Mongolia starting to bear fruit
We first highlighted Mongolia in our 2017 Outlook and revisited this theme in our 2017 mid-year review. To date, our predictions have been on point and the economy is rebounding well from its lows in 2016 and the painful restructuring that took place.
One major factor in Mongolia’s recovering is booming exports. Not only is China increasingly dependent on Mongolian coal, but Oyu Tolgoi is proving to be one of the most exciting developments in gold and copper mining for decades. With over 200 kilometers of underground tunnels and ore deposits estimated to be a similar size to Manhattan Island, the impact on government tax revenues from tapping these vast resources is expected to be substantial.
We previously wondered whether the newly elected president Battulga would be a risk to recovery, given his pro-Kremlin stance. However, his actions to date are geared towards boosting the economy, rather than hindering it. Battulga’s veto of the 2018 budget to avoid violating the terms of the IMF bailout program demonstrates his commitment to discipline, helping turn things around.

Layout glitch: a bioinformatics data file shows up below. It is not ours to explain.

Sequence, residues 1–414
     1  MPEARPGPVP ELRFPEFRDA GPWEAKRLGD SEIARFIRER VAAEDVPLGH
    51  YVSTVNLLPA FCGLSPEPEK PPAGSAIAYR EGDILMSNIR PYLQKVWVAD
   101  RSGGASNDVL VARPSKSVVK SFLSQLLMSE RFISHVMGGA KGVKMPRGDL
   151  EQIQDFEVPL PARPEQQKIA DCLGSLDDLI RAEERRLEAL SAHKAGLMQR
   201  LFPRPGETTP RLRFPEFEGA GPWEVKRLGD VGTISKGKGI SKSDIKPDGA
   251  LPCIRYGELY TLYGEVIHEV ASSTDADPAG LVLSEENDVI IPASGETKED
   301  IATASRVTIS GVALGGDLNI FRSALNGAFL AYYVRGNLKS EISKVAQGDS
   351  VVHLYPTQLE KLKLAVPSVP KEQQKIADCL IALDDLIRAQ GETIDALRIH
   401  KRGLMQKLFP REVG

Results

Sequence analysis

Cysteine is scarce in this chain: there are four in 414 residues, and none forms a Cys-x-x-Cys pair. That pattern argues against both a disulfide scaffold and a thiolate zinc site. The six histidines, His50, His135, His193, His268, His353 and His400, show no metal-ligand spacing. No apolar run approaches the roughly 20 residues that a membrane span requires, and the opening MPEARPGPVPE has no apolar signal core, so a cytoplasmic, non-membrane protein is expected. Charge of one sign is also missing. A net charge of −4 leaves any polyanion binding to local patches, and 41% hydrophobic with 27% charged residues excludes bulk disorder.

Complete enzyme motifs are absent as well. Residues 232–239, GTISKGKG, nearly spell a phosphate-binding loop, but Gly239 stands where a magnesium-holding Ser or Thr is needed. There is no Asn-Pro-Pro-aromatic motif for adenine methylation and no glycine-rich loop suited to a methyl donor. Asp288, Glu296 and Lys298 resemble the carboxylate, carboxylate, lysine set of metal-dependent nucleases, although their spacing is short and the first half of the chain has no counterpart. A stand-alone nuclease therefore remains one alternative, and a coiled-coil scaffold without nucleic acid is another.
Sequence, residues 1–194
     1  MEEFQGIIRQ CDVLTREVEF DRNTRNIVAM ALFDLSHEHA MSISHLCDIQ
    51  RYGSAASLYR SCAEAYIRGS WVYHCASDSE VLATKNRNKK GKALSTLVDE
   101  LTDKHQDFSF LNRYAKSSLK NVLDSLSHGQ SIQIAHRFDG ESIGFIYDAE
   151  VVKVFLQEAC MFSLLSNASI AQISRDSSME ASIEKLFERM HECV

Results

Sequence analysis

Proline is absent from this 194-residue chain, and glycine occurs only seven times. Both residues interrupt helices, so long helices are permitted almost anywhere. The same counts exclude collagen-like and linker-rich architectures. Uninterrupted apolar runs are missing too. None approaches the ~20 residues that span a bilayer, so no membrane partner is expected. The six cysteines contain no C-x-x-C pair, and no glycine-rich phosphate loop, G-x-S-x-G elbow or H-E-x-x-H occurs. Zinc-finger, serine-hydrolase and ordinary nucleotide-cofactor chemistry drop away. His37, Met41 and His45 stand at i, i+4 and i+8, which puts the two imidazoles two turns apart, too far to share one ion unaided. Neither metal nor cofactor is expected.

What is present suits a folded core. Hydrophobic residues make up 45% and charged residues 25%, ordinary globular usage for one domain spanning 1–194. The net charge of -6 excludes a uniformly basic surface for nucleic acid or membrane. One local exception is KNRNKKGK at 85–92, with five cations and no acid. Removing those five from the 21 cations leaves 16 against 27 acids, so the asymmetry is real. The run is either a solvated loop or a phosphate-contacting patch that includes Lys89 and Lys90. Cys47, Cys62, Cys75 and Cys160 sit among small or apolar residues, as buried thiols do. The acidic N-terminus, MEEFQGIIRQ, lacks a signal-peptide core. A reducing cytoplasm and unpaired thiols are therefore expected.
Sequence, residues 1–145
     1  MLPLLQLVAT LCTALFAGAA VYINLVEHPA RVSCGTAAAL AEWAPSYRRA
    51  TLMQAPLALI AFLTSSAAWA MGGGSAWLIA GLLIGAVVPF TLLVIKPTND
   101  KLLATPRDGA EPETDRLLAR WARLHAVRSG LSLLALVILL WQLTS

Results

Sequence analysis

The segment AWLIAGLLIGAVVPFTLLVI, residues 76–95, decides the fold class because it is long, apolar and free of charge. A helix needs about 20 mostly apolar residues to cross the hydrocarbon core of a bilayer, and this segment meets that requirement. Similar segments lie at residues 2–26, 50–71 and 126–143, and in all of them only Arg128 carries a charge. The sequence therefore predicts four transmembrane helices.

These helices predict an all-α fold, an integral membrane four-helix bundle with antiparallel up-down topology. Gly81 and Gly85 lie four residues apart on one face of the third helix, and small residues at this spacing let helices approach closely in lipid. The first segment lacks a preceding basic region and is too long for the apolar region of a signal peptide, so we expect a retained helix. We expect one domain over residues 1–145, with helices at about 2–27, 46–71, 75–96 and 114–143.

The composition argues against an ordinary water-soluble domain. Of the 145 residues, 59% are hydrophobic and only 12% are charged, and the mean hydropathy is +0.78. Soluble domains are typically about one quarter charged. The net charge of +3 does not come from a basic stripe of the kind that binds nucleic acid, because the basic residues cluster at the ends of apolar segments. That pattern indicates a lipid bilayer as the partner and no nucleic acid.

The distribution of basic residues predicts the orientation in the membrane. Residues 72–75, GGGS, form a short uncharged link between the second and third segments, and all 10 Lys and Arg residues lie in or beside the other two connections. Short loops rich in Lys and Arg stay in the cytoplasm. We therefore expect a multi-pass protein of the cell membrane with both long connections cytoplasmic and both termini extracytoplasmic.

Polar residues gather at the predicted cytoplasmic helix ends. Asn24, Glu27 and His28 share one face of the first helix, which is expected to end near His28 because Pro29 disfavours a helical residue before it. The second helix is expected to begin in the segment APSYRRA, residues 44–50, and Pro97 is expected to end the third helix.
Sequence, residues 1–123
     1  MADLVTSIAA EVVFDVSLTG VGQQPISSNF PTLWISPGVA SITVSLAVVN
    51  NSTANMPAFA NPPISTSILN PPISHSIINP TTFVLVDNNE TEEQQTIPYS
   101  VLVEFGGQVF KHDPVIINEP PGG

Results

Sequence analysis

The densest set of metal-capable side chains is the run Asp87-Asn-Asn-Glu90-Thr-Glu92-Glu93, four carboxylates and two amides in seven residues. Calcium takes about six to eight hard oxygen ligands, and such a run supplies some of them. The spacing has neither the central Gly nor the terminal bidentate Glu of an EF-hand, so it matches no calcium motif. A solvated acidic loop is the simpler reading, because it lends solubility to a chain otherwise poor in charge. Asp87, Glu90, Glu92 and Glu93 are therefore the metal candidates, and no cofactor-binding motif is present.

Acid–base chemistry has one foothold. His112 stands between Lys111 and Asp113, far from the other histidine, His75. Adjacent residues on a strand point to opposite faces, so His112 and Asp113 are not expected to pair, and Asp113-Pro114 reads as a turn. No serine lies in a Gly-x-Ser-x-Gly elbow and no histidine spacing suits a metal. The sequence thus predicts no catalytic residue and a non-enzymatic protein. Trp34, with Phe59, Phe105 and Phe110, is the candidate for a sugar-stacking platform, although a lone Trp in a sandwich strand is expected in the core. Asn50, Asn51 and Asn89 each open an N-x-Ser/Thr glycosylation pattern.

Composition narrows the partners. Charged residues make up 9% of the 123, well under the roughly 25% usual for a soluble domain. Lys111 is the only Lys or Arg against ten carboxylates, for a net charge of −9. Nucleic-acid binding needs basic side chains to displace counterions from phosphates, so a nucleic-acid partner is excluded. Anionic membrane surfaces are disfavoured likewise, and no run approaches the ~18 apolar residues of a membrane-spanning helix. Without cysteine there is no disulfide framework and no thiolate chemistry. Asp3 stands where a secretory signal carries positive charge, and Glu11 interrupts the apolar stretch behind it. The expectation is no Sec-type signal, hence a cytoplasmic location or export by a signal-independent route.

While political risks remain, Mongolia is unlikely to reverse the recovery in any meaningful way, meaning we remain upbeat on the region. So where are the opportunities for investors? Local equity markets lack sufficient liquidity and transparency to offer genuine investment opportunity. But the currency looks to be in a good position, so Tughrik bonds could offer attractive yields.